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Testing, 1, 2, 3, Testing

JAPAN | Saturday, 5 March 2016 | Views [334] | Comments [1]

Thursday, we had our first full test in Japanese class. So instead of just asking about grammar or vocabulary, every aspect of the past three textbook chapters were potential questions. And, because we only have them every three chapters, it was a rather large portion of our grade. So we had review sessions on Wednesday (on the schedule it looked like it was the majority of the classes.  In reality, it was 10-15 minutes at the end of each hour) and one hour on Thursday to take the test. And then we were expected to have an hour of conversation class.

When it comes to tests and timing, there are several different approaches.

The first is the “take all the time you need” approach. The test should be able to be finished in the hour or so time period that’s allotted in class, but if that’s not enough time, it’s perfectly all right to stay longer. This is most common in tests where there’s not an immediate advantage to having more time, since it’s not really fair to force students to stay longer.

The next kind of test is a “there should be more than enough time” test. With this kind of test, the better prepared students will typically finish early, and the other students will finish near the end of the allotted time. This is probably the most common kind of test.

Then there are the tests that is nearly enough time to complete. The main problem with this is that the teachers believe that there is enough time to complete it, and are confused as to why the students seem to be having problems. (Tip: If even the best students are clinging to their papers when you announce “five minutes left,” it’s probably your fault…)

Finally, there are tests where there is deliberately not enough time to finish it. Interestingly enough, these tend to be much better than “nearly enough time.” Because the person who wrote the test knows that people won’t finish it, and the people grading it won’t hold that against you. Instead, you have the hour to hour and a half to prove what you can do with the questions you can answer during the time given. They tend to focus on some more creative problems.

All of these are theoretically fine approaches. You just need to know the differences, because the amount of time that students have in proportion to the amount of time the test should take will change the kind of responses you get.

After we took the test, Yamaguchi-sensei and Suzuki-sensei both asked “how was it” and seemed dissatisfied with the answer “it was too long.” Basically, we were third year students, and we’d had the review sheet, so we shouldn’t have had any problem.

Yes, we’d had the review sheets, yes, we’d done them, but that hadn’t been enough to deal with the pure length. The test was seven pages, with five pages from the grammar class and two pages from the conversation class. The review sheets had been five pages in total, and I’d been under the impression that the conversation part of the test would be less than it was in the review. Clearly this was not the case.

And while I get the argument that we’re third year students and need to learn skills like skim-reading and being able to give quick responses that are 80% accurate… they are only going to be 80% accurate. When you give students more questions than they can comfortably answer, they are going to rush and they are going to make stupid mistakes. And some of them it’s reasonable to count them off for, but others should have gotten some slack.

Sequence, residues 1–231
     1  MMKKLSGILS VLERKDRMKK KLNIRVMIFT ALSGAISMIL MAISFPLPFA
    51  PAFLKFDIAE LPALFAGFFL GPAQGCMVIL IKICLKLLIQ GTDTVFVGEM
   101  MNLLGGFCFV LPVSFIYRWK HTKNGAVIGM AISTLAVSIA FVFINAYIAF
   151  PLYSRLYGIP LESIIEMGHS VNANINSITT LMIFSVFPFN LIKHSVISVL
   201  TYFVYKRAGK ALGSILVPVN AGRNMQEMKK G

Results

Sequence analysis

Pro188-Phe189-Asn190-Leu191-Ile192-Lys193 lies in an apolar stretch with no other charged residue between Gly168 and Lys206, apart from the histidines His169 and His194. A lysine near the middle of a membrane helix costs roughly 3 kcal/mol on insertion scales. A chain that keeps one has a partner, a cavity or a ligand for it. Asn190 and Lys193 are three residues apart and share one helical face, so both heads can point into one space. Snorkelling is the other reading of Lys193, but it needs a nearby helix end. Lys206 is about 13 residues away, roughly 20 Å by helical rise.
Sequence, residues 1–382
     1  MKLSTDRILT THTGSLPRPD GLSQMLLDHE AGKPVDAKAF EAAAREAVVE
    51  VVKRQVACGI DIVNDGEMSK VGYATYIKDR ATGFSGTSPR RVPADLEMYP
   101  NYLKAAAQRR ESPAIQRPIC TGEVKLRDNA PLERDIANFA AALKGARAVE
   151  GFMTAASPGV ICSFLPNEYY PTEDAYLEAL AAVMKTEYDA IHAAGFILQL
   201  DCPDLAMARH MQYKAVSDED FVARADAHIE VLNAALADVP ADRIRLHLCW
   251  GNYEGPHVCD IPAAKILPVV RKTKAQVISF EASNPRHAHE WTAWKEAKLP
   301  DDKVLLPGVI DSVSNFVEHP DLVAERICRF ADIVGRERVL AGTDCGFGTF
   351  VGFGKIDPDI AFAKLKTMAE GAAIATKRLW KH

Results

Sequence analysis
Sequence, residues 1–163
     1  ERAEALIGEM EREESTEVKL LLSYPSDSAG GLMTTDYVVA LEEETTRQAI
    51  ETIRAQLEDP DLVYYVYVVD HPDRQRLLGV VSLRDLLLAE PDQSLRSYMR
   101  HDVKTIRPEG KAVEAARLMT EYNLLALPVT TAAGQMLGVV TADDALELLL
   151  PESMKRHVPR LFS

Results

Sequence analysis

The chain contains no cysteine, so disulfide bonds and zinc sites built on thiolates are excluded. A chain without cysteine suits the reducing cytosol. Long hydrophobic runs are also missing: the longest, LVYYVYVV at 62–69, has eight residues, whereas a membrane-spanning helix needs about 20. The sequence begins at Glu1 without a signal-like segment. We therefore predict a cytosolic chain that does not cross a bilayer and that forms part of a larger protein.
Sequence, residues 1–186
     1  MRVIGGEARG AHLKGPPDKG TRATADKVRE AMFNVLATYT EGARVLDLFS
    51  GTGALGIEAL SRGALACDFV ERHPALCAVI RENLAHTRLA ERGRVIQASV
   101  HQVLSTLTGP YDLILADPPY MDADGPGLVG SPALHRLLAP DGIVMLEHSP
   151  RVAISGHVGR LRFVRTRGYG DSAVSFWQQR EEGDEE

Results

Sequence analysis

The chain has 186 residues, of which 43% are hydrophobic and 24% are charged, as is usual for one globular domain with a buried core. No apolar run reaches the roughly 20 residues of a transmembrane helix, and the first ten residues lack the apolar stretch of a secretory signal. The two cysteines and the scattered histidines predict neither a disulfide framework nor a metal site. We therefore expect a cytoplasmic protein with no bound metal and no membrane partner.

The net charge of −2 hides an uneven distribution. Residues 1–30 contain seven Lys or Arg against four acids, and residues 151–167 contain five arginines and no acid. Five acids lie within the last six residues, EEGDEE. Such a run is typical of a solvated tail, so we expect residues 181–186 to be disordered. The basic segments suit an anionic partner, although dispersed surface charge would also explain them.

For example, I missed two points when I didn’t use a new grammar. I knew the grammar I should have used, I knew how to use it, but my mind had already moved on to the next question and I completed the sentence automatically without using the new grammar. It’s not a mistake I would have made if I’d had more time, but it’s definitely a mistake I deserved to miss points on. Elsewhere on the test (and not in the kanji section) I missed half a point because I miswrote a kanji. On one hand, this was wrong, and it was a kanji I should have known. (Travel.) On the other, that kanji was not an important part of the answer. And given how many important parts of the kanji there were, it was just irritating. And then there was this:

Question: “Sand Onsen” is what kind of onsen?

My response: “Sand onsen” means a thing where you lie on the sand.

Correct response: “Sand onsen” means an onsen where you lie on the sand.

I used a new grammar. I demonstrated knowledge of the reading on the previous page to answer the question. I had it in casual speak, since it was supposed to be a conversation between two friends. But I hadn’t paid sufficient attention to the fact that they were asking what kind of onsen it was instead of what it was, so I missed half a point.

Paradoxically, the thing that annoys me most about this is the same reason I can’t really complain about it: I did better than anyone else in the class. I got a mid-B and the impression that it was my own fault that there hadn’t been enough time for the test, because they’d shortened it from what it had been last semester.

I have to say, I really miss American universities where it’s typically seen as bad teaching if no one gets an A or half the class fails a test.

Tags: class, grammar, japanese, test



There is a fifth kind of test. This is the 'This test will probably take you three to four hours. I know we only have two scheduled for the final, but you weren't doing anything important afterwards I'm sure' type.

"I have to say, I really miss American universities where it’s typically seen as bad teaching if no one gets an A or half the class fails a test." Sometimes it's just called 'yeah this stuff is hard' or 'this is a weed-out class and maybe you all deserve to be weeded out'

  Elishabet Mar 8, 2016 12:38 PM

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